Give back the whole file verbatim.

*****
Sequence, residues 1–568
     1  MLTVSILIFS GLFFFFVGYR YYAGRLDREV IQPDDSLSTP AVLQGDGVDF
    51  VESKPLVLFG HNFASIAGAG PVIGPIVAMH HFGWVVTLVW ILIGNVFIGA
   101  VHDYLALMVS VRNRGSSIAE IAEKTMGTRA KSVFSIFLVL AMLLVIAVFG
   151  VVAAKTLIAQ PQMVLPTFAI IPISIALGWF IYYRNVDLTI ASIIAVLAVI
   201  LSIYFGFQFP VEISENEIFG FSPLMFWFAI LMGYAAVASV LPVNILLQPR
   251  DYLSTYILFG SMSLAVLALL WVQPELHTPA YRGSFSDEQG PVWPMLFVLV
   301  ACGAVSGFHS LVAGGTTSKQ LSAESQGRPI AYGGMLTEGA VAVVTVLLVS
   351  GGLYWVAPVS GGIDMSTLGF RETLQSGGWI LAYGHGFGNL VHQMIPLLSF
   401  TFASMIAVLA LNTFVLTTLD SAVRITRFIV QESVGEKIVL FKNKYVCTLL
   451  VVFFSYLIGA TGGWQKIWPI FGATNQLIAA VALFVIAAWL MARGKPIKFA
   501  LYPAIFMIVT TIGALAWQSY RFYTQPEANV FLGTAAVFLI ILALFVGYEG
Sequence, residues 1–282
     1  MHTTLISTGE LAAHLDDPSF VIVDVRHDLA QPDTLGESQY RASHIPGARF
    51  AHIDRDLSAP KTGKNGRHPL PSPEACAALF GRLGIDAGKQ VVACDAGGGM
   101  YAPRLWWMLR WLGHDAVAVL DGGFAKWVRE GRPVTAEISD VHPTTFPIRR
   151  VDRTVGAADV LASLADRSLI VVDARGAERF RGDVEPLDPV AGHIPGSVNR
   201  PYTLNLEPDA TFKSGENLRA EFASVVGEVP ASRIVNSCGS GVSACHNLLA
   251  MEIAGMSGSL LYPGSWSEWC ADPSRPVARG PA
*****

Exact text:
Sequence, residues 1–568
     1  MLTVSILIFS GLFFFFVGYR YYAGRLDREV IQPDDSLSTP AVLQGDGVDF
    51  VESKPLVLFG HNFASIAGAG PVIGPIVAMH HFGWVVTLVW ILIGNVFIGA
   101  VHDYLALMVS VRNRGSSIAE IAEKTMGTRA KSVFSIFLVL AMLLVIAVFG
   151  VVAAKTLIAQ PQMVLPTFAI IPISIALGWF IYYRNVDLTI ASIIAVLAVI
   201  LSIYFGFQFP VEISENEIFG FSPLMFWFAI LMGYAAVASV LPVNILLQPR
   251  DYLSTYILFG SMSLAVLALL WVQPELHTPA YRGSFSDEQG PVWPMLFVLV
   301  ACGAVSGFHS LVAGGTTSKQ LSAESQGRPI AYGGMLTEGA VAVVTVLLVS
   351  GGLYWVAPVS GGIDMSTLGF RETLQSGGWI LAYGHGFGNL VHQMIPLLSF
   401  TFASMIAVLA LNTFVLTTLD SAVRITRFIV QESVGEKIVL FKNKYVCTLL
   451  VVFFSYLIGA TGGWQKIWPI FGATNQLIAA VALFVIAAWL MARGKPIKFA
   501  LYPAIFMIVT TIGALAWQSY RFYTQPEANV FLGTAAVFLI ILALFVGYEG
Sequence, residues 1–282
     1  MHTTLISTGE LAAHLDDPSF VIVDVRHDLA QPDTLGESQY RASHIPGARF
    51  AHIDRDLSAP KTGKNGRHPL PSPEACAALF GRLGIDAGKQ VVACDAGGGM
   101  YAPRLWWMLR WLGHDAVAVL DGGFAKWVRE GRPVTAEISD VHPTTFPIRR
   151  VDRTVGAADV LASLADRSLI VVDARGAERF RGDVEPLDPV AGHIPGSVNR
   201  PYTLNLEPDA TFKSGENLRA EFASVVGEVP ASRIVNSCGS GVSACHNLLA
   251  MEIAGMSGSL LYPGSWSEWC ADPSRPVARG PA